How often we find ourselves complaining about several things in our lives – our job not being good enough, not being able to travel the world and marvel in the beauty of the beautiful places we would love to be at or simply so many things we compare with others and beat down our own lives.
But amid our daily life, if there’s something we forget to do, it’s to be thankful for the things we have. If you think your life’s ordinary, do think of those who don’t even have the ordinary. Things we take for granted or normal – such as a fully functional body – is not all that ordinary a gift. And the pain of being differently-abled is something which the family and close ones of these people feel way more than those people themselves.
Stacey and Darren Gagnon are parents to six children, unfortunately, four out of those were born with special needs. And if they have some advice to the world from their experience of raising their kids, it’s about telling other parents to teach their kids about the importance of compassion and kindness.
One such instance where they felt the need to speak up about this was when over the summer the family attended a new church where other children gawked at Joel, their 9-year-old son who was born with a crano-facial impairment. Joel is missing an ear and some bone structure. The kids also made gestures at Joel or kept staring at him.
When we push our kids to excel in every area, why miss the most important lesson of compassion?
Stacey wonders that if parents want their kids to pick the best of everything, why they make an exception for empathy and compassion. “We push and push our kids to achieve in athletics and academics and all areas of life, but we’re not teaching them the most important lesson in life and that’s compassion,” Stacey said Wednesday on Megyn Kelly TODAY. Stacey’s heart-breaking Facebook post, which describes the incident, went on to be shared more than 28K times. The mother said in the post that how she stood there watching other kids who had their eyes wide and mouths open at the sight of her son Joel.
“Joel was born with a cranio-facial impairment. He is missing an ear and some bone structure. I know he looks different, but today hurt,” she wrote. “I stood at the door and watched every child look with eyes wide and mouths open at my child.”
Joel realized what was happening around and got uncomfortable by the same. He rushed to the back of the room to hide, she continued. “He had buried his head in his arms because you cannot hide in plain sight.”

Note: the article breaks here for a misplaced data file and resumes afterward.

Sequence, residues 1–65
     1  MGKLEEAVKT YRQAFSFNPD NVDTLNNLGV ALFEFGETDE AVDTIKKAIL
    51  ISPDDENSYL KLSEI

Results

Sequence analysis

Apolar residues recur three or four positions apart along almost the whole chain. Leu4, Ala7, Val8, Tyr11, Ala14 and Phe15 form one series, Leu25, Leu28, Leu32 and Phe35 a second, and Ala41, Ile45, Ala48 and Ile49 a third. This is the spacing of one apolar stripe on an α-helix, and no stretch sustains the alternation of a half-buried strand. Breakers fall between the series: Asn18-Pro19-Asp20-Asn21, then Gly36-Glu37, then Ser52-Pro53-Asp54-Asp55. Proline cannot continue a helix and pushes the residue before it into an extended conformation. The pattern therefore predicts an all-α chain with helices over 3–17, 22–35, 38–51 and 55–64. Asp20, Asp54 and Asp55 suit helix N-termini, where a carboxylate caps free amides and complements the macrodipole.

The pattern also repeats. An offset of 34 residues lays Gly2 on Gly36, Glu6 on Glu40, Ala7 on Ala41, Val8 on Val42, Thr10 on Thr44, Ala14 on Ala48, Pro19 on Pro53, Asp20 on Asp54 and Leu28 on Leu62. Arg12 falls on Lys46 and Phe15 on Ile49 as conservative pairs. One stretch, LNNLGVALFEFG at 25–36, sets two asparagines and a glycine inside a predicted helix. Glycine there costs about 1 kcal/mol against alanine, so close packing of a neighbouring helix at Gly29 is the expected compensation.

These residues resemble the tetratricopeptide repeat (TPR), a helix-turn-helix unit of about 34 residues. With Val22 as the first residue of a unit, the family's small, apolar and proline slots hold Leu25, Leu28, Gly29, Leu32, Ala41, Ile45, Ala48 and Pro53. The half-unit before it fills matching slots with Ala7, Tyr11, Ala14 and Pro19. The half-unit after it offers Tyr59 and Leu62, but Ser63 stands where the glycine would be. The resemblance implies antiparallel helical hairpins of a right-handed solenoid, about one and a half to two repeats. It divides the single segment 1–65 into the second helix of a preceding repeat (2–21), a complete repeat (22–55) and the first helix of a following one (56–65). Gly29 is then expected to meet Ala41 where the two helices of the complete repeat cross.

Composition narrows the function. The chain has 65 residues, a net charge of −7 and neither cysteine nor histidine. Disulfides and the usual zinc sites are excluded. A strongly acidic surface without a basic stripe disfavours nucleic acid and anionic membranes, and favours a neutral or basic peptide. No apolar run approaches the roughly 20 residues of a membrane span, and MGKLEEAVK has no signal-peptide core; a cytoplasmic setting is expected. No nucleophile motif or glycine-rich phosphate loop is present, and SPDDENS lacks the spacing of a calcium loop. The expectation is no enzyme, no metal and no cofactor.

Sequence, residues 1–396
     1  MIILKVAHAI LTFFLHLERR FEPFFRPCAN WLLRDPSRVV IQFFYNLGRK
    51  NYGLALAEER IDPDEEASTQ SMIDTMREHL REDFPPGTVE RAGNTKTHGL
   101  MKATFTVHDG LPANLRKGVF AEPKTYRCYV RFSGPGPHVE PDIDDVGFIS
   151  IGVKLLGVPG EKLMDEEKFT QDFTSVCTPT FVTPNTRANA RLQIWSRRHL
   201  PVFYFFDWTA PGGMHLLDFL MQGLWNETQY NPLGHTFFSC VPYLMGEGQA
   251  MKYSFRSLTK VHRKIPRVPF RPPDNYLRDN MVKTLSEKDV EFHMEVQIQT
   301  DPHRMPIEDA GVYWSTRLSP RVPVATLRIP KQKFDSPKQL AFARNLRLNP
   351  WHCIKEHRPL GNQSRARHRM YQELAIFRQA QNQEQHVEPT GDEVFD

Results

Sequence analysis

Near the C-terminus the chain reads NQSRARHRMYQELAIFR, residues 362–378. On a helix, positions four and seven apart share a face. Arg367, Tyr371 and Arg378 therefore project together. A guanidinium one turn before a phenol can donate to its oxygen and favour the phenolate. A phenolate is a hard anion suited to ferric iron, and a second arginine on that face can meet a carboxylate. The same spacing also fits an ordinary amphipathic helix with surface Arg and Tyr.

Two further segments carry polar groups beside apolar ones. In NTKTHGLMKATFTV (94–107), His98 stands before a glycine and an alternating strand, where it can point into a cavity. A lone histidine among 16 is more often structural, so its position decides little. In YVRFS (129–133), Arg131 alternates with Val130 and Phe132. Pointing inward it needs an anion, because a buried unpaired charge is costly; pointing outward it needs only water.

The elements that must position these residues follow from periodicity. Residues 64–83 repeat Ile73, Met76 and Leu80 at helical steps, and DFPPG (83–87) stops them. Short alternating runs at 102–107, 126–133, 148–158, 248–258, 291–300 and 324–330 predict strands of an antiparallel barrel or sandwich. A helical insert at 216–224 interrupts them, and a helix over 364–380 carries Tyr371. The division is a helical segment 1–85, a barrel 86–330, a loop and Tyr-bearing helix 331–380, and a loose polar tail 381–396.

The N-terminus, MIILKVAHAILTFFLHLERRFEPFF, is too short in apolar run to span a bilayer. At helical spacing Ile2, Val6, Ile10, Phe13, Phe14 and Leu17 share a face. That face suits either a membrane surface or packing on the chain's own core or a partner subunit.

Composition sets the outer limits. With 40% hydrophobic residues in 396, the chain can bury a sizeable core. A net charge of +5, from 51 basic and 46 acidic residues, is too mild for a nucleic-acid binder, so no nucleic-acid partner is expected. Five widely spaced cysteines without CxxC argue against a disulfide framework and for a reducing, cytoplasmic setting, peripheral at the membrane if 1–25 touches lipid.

he couple, both 42, have their children ranging in the age group from 6 to 16. Not just that, four of their children, including Joel, are adopted and have special needs. The couple has helped out other such children as well by fostering more than 20 of them. They are now about to welcome a 2-year-old Bulgarian daughter with special needs into their family. “I don’t except that my children won’t be looked at. That’s not my expectation,” Stacey said on TODAY.
However, she feels that parents have a much more significant role to play when it comes to their kids’ upbringing. Most of the children are completely unaware of the existence of specially-abled children. She encourages them to show them the pictures of these children and teach them how to react to them, to not behave differently which might make them feel uncomfortable. Also, it’s not just about teaching them not to stare or not to point at them, but also teach them how to be compassionate towards them. They should tell them to neither behave in this manner nor be a mute spectator to bullying towards such children.
“I’m learning as a parent that you have to be intentional in teaching your children to be kind. You have to be intentional in teaching your children to serve and love other people,” she said. “We teach our kids, ‘Don’t stare,’ but we should go one step farther and teach them, no, don’t just stare or don’t just stand back when bullying happens, you need to become involved and you need to get in there and become a friend.”